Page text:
how-to-grow-almonds

How to Grow Almonds in Your Own Backyard

The quickest route to a home-grown almond harvest when you plant a nursery-started tree in the right location. It winds through several years of giving your trees what they need, when they need it. Your reward? The maximum amount of delicious, nutritious almonds in the shortest possible time. Our road map helps navigate the way.

The Right Climate

Almond trees need warm, dry summers and winter temperatures falling between 33° and 45°F (0.55° to 7.2°C) long enough to stimulate bud production. That means between 250 and 500 chilling hours per winter, depending on the cultivar.

USDA Plant Hardiness Zones

Almond treesgrowin USDA zones 5 through 10. California’s almonds – the most commercialized in the world – all grow in zones 9 and 10. They also do well in Texas, Arizona and central Florida.

The Right Site

Plant almonds in a shade-free location with rich, well-draining soil. Sandy loam amended before planting with an organic, high-nitrogen, high-phosphorous fertilizer is best. Allow 15 to 20 feet between trees.

Pollination

Only the ‘All-in-One’ almond cultivar self-pollinates. As a bonus, it cross-pollinates all other cultivars. Semi-dwarf ‘All-in One’ grows in USDA zones 7 through 9 and needs 500 chilling hours.

Cross-Pollination

All other almonds require cross-pollination, with bees and other insects carrying pollen between trees. If you aren’t growing ‘All-in-One,’ plant cultivars that cross-pollinate successfully.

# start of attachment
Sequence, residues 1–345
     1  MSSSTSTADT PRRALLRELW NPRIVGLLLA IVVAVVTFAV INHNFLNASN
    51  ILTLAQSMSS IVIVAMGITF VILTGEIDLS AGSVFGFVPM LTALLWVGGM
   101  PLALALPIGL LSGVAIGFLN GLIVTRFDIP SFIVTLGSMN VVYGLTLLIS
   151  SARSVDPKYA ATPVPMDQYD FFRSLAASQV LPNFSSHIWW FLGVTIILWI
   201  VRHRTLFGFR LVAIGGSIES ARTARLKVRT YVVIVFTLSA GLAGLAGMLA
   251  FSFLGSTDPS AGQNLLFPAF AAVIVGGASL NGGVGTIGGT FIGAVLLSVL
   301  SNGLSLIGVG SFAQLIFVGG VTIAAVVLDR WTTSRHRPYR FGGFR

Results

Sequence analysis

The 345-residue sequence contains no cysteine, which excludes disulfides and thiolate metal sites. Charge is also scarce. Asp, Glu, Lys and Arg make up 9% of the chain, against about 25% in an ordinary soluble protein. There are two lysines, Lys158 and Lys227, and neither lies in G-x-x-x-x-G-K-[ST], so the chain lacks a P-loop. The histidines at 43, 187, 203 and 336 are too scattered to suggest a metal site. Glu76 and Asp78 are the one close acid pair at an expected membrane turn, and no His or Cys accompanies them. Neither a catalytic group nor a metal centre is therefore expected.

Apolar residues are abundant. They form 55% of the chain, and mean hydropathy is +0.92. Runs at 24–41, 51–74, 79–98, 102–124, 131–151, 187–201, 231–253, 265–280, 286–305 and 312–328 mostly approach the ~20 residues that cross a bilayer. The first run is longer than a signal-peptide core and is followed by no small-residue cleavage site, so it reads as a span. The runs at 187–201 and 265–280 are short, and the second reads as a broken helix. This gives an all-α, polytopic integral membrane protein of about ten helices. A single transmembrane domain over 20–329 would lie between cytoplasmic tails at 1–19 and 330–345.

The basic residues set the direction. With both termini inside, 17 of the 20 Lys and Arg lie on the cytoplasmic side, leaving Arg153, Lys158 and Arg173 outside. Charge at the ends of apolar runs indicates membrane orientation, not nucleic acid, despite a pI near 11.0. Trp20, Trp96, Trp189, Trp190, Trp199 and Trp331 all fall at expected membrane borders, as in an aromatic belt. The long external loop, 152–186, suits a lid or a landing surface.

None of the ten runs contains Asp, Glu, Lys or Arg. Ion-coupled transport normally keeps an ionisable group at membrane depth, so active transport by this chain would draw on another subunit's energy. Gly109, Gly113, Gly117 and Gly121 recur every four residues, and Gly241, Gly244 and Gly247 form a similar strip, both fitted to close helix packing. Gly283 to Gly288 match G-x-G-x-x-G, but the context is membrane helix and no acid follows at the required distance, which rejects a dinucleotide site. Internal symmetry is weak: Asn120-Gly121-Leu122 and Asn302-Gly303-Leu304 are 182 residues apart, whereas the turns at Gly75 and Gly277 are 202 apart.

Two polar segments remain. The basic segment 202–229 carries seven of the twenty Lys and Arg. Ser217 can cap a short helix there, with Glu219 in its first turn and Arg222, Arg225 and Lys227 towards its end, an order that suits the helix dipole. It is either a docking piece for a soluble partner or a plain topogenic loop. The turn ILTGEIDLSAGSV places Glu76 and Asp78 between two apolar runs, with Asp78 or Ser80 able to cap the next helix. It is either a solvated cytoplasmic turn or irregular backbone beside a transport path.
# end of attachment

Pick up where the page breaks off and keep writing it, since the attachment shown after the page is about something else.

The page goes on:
Proper Planting

Plant your almonds in February, when temperatures are usually till cool enough to prevent blooming. To plant them:

  • Water the trees thoroughly.
  • Dig holes large enough to hold the root balls with the tap roots fully extended.
  • Gently spread the roots to remove tangles
  • Plant the trees as deep as they were in their pots.
  • Replace the soil in each hole, tamping lightly as you go to eliminate air.

Watering

Water new plantings to saturate the soil and then weekly until new growth appears. With rainfall, they need 2 to 3 inches of weekly water (more during drought. Never let water pool around their trunks.

Spring and Summer Fertilizing

When their spring shoots are 4 to 6 inches long, sprinkle 1/2 cup of high-nitrogen fertilizer in a circle 18 inches from the base of each tree. Water it in and repeat twice during summer. Give each mature tree 30 pounds of well-aged manure every spring.

Winter Pruning and Pest Control

Prune dormant almonds in December or January. Remove damaged or crossed branches and suckers and thin their canopies to allow more sun. Remove weeds and debris that may harbor navel orange worms. To eliminate peach twig borers, scale insects and mites, start spraying with organic neem oil at the manufacturer’s recommended frequency.